Second, less than half of the voters voted for the unindicted co-conspirator-in-chief but the majority of voters voted for Hillary Clinton.

Yeah, I know, the truth hurts but you need to accept it.

Lastly, I do not believe you because I find it incredulous that random strangers just spontaneously approached you and called you a racist, a white supremacist, a Nazi, etc. without cause or provocation.

So, why don't you tell us the full verbal exchange and any accompanying gestures that precipitated you "allegedly" having insults hurled at you?
Well said, phlinak. There is a lot more to this than what cb73 is telling us.
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Old 09-19-2018, 11:26 AM
 
378 posts, read 219,925 times
Reputation: 763
Quote:
Originally Posted by tstieber View Post
Maybe 30 years ago, there were more Regional differences in the west. But I agree that these days, most of the larger cities in the West have pretty similar Urban culture. In fact, it's amazing how many Regional retail and restaurant Concepts are found throughout California. SoCal gets the NorCal Concepts, NorCal gets the SoCal Concepts. Even down here in San Diego, I could get a sandwich from Ike's or boudin and chase it with a cup of Sightglass or Philz coffee if I wanted to. And I could get a beer from Ballast Point or Mexican food from Puesto in the Bay Area. And people pretty much dress and act the same throughout the West.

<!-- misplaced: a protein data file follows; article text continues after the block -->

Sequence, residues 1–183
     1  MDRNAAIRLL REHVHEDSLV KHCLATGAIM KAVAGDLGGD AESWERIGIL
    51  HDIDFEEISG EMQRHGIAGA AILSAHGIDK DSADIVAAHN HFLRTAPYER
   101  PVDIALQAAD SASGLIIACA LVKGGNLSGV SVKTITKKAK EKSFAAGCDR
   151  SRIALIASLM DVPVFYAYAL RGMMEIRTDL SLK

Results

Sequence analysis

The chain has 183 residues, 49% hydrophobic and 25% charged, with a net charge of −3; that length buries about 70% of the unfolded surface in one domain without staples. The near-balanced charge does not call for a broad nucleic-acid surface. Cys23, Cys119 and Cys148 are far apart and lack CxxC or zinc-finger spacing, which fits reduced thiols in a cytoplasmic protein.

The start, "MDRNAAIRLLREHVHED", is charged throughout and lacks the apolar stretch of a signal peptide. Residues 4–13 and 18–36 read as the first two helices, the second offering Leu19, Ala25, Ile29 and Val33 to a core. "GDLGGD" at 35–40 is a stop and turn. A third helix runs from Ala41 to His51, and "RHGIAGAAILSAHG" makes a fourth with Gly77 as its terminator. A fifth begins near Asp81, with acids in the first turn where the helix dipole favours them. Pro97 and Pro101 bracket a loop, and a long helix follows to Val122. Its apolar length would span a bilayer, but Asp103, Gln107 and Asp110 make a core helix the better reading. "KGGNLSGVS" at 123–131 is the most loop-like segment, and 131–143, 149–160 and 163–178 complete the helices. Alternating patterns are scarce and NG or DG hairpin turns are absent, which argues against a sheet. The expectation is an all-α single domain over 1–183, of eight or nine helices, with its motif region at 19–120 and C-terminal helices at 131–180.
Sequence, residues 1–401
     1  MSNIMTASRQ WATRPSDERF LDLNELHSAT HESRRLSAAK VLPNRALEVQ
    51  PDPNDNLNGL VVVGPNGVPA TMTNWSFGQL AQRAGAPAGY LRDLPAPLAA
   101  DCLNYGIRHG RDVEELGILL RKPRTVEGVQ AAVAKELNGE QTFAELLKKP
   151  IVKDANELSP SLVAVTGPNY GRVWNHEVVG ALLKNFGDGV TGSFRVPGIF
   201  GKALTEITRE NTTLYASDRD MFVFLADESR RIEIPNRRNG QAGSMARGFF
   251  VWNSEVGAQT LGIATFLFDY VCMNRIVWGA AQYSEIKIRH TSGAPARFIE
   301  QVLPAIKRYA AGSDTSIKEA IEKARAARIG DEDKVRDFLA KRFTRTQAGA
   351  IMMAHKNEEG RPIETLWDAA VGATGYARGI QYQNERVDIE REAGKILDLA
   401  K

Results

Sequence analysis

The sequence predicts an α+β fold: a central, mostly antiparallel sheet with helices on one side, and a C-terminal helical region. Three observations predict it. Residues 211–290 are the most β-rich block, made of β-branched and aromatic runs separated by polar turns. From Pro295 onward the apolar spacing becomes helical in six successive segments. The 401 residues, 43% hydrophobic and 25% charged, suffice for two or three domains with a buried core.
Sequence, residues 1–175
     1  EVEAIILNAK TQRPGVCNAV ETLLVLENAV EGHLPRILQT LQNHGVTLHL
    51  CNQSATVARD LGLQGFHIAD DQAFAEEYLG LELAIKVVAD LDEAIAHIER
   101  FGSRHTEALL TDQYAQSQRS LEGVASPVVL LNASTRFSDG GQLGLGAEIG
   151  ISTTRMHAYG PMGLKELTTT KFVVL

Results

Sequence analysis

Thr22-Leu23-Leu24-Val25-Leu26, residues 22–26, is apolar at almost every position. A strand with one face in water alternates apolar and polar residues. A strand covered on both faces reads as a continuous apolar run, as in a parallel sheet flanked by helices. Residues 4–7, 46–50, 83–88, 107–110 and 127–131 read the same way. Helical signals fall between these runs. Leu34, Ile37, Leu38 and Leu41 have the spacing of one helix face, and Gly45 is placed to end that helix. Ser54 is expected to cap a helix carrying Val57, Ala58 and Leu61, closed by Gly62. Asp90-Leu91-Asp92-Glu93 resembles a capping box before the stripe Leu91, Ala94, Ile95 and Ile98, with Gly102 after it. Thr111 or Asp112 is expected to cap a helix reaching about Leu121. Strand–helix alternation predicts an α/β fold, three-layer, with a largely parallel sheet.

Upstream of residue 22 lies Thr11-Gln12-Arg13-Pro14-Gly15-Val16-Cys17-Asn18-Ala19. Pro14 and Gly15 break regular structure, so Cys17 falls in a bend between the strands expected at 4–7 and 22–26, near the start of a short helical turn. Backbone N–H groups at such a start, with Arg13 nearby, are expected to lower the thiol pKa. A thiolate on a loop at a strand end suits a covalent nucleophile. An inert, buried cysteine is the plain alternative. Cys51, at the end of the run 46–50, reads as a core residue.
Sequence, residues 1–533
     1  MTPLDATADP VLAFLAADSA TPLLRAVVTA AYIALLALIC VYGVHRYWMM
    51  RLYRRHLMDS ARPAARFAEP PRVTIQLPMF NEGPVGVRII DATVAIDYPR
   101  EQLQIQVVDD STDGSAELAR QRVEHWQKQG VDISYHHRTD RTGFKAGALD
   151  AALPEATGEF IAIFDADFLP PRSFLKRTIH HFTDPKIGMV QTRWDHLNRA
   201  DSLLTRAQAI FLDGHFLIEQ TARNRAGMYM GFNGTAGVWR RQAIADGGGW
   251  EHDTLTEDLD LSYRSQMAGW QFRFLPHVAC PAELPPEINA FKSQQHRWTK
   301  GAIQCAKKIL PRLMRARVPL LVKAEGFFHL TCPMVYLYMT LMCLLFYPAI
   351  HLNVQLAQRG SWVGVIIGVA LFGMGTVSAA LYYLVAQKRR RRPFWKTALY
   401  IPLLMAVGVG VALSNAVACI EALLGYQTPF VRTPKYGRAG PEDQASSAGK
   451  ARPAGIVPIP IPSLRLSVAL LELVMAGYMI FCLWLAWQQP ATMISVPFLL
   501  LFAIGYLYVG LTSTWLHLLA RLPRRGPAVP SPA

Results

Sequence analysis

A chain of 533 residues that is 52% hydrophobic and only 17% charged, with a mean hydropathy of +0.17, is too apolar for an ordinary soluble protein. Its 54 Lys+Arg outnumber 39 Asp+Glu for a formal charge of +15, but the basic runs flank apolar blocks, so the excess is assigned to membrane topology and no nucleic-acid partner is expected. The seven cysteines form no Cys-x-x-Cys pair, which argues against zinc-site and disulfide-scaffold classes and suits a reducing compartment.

This part I somewhat disagree with. Being from SoCal I always thought a lot of the people up north have a more granola-ish dress to them (more people wearing teva-type shoes, walking shoes/hiking boots, fleeces, etc). This is noticeable in the Bay Area and especially as you move up to Portland and Seattle (I really can't speak for Sacramento...this may not be the case there). When I travel up north everyone always seems a bit more "practical" with their clothing options (the impolite term would be frumpy). Certainly the climate is a factor, but people on the east coast dress for cold, but look more polished while doing so. Not to get too far off topic.